A property needs to be lettable in its current state – if not, you can’t secure a normal Buy to Let mortgage on it. Instead you can take a bridging loan, do the work, get it lettable again in a nice condition, and then refinance it to pay off the bridging loan. That’s the exit strategy.
- Small development projects. I’ve also helped people secure bridging loans for small developments, to change offices into flats or houses into flats – typically where you need finance on a property but you can’t just get a traditional mortgage.
- Buying at an auction. A bridging loan can be organised quickly, so if you’ve got a property to buy at auction that needs a lot of work, a bridging loan is a good option.
What is the ‘exit strategy?’
This is just a term that lenders use to work out how you’re going to actually pay this money back. It’s not like a mortgage where we repay it over time. With a bridging loan, you’ve got to know at the start how it’s going to be paid off because you need to repay it within a year.
Your exit strategy can depend on the situation. If you’ve found a house you want to buy, but you haven’t sold yours, you will repay the bridging loan when you sell your existing house.
Just as a side note, actually, an interesting point with a bridging loan is that you can secure it across more than one property. You can’t do that with a standard mortgage, but with a bridging loan you can.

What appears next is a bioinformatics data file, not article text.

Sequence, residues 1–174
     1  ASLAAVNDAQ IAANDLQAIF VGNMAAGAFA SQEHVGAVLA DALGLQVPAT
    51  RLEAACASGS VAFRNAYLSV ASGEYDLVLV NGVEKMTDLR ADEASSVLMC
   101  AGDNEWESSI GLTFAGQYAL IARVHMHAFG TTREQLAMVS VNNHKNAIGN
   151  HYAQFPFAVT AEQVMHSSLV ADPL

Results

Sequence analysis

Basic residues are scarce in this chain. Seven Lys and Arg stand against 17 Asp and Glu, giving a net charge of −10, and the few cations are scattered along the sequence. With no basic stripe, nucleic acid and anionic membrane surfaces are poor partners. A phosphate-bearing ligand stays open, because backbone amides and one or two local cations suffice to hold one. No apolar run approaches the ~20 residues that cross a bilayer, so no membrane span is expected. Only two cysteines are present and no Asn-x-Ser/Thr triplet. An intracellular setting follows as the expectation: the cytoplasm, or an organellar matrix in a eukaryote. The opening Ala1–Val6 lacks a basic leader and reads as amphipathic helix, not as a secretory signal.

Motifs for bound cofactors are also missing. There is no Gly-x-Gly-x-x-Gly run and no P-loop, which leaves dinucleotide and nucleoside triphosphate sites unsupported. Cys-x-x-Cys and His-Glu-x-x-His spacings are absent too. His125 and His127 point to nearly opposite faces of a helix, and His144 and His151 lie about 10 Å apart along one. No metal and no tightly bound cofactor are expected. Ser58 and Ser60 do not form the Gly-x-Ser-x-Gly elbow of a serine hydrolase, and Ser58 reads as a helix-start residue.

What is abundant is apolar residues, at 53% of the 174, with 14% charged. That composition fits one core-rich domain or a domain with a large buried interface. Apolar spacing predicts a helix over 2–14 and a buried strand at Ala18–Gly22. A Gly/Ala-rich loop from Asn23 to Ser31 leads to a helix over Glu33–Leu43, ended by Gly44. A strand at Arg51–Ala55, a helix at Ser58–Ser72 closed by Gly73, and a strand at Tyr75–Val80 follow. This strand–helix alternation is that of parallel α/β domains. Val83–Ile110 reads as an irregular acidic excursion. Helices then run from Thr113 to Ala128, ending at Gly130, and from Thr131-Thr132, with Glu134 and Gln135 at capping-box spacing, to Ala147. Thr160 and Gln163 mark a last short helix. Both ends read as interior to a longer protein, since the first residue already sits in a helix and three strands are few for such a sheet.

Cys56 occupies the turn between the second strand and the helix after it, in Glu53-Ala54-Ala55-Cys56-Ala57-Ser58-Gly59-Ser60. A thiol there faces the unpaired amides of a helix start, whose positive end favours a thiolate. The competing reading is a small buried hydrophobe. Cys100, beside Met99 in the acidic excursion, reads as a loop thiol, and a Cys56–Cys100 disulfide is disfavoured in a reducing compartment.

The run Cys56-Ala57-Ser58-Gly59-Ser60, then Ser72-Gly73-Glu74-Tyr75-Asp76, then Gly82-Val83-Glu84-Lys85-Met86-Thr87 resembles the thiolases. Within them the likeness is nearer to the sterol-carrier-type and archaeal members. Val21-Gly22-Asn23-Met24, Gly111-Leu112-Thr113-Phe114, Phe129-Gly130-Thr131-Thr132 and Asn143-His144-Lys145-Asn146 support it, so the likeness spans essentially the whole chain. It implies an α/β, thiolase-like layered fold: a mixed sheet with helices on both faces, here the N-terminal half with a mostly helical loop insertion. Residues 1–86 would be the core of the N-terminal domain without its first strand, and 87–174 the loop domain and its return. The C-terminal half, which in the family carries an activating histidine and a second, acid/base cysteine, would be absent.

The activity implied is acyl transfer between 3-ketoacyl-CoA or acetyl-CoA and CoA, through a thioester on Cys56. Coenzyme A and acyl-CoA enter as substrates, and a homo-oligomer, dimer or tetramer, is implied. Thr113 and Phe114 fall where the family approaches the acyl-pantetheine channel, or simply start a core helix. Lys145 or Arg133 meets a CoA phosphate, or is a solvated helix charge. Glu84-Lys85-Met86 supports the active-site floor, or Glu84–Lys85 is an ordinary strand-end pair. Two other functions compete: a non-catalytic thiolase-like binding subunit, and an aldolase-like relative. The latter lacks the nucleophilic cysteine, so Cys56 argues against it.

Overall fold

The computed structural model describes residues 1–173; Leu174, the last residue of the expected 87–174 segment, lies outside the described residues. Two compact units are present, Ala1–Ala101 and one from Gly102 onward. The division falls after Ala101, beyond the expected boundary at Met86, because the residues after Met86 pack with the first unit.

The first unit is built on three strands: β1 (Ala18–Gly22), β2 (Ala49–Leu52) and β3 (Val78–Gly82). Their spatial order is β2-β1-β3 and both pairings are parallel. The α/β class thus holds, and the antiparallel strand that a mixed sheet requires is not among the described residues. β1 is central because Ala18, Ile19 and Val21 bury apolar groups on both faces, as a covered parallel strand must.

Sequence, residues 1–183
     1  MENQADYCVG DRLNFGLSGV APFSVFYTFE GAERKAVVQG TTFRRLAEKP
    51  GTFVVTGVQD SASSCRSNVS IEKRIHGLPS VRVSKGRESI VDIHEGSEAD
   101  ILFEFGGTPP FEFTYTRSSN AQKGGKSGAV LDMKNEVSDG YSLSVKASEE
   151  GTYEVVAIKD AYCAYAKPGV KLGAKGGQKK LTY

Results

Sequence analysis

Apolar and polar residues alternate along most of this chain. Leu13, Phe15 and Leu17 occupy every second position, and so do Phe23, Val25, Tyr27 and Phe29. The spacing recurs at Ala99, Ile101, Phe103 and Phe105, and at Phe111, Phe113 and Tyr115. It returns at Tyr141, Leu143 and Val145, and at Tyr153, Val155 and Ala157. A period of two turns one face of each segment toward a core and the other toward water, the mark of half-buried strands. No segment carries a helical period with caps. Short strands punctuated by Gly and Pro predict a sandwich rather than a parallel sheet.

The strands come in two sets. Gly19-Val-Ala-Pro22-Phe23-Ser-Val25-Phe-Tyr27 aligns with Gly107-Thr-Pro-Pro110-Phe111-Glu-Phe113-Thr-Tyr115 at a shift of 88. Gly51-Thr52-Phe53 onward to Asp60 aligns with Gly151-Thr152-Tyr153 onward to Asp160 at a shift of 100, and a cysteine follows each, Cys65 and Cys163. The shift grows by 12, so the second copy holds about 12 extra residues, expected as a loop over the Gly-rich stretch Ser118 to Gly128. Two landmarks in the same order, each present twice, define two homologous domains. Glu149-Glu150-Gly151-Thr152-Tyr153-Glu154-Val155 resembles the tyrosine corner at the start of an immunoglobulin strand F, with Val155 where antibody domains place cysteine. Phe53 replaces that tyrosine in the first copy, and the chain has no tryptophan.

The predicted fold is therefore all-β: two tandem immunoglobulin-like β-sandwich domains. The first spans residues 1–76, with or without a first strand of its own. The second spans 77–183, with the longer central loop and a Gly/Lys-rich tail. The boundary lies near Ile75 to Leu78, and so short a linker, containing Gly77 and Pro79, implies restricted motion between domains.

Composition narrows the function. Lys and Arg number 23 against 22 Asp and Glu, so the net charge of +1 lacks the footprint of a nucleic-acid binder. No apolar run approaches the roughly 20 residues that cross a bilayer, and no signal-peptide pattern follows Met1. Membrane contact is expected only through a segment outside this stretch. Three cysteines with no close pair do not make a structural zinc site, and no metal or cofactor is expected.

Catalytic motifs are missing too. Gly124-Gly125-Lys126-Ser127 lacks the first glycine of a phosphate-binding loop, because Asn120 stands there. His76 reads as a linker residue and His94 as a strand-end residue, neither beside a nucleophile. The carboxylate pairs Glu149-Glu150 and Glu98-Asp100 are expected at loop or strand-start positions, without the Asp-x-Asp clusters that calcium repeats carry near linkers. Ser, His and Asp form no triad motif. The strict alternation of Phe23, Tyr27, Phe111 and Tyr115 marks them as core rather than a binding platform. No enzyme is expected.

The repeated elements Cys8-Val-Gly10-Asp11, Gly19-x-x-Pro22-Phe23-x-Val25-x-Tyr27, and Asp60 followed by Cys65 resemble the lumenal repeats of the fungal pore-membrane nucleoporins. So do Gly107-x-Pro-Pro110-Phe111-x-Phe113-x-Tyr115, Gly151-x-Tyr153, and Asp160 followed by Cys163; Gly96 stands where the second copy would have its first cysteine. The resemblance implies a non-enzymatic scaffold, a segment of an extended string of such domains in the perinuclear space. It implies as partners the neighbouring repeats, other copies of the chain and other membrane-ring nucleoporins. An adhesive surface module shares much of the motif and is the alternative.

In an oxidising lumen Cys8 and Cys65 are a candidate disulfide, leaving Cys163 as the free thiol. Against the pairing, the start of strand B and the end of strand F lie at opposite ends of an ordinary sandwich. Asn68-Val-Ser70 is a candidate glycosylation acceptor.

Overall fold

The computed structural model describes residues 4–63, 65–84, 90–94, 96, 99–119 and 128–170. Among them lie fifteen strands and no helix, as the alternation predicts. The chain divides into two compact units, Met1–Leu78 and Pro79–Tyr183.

As an example, if you’ve got a house now, worth £500,000, and you want to buy another house worth £400,000, you couldn’t secure a 100% of that purchase price on just the new property. You’ve got to have some equity and some deposit. But you could add those two properties together at £900,000 – against that, a £400,000 loan makes a lot more sense for the lender.
Going back to the exit strategy, with the investment property we’ve bought to renovate and let out, our exit strategy could be refinance. Once it’s ready for some tenants, we can refinance that on a Buy to Let mortgage.
We’ve probably increased the property value as well, so you might find you could borrow a little bit more than you owed on the bridging loan. I’ve done this a lot for people in the past, where it gives you some money back to do the next project. Having said that, Buy to Let is a bit tricky at the moment. As we record this in October 2023. Buy to Let mortgages are harder to get.
I’m working on a deal now for someone buying a farm. This is another example of a bridging loan. This is land that hasn’t got planning permission, so we can’t take traditional development finance or a self-build mortgage, but we could take a bridging loan.
We need a decent deposit of 40% or 50%, then once the planning comes in, the profit will be their exit strategy, linking together with development finance.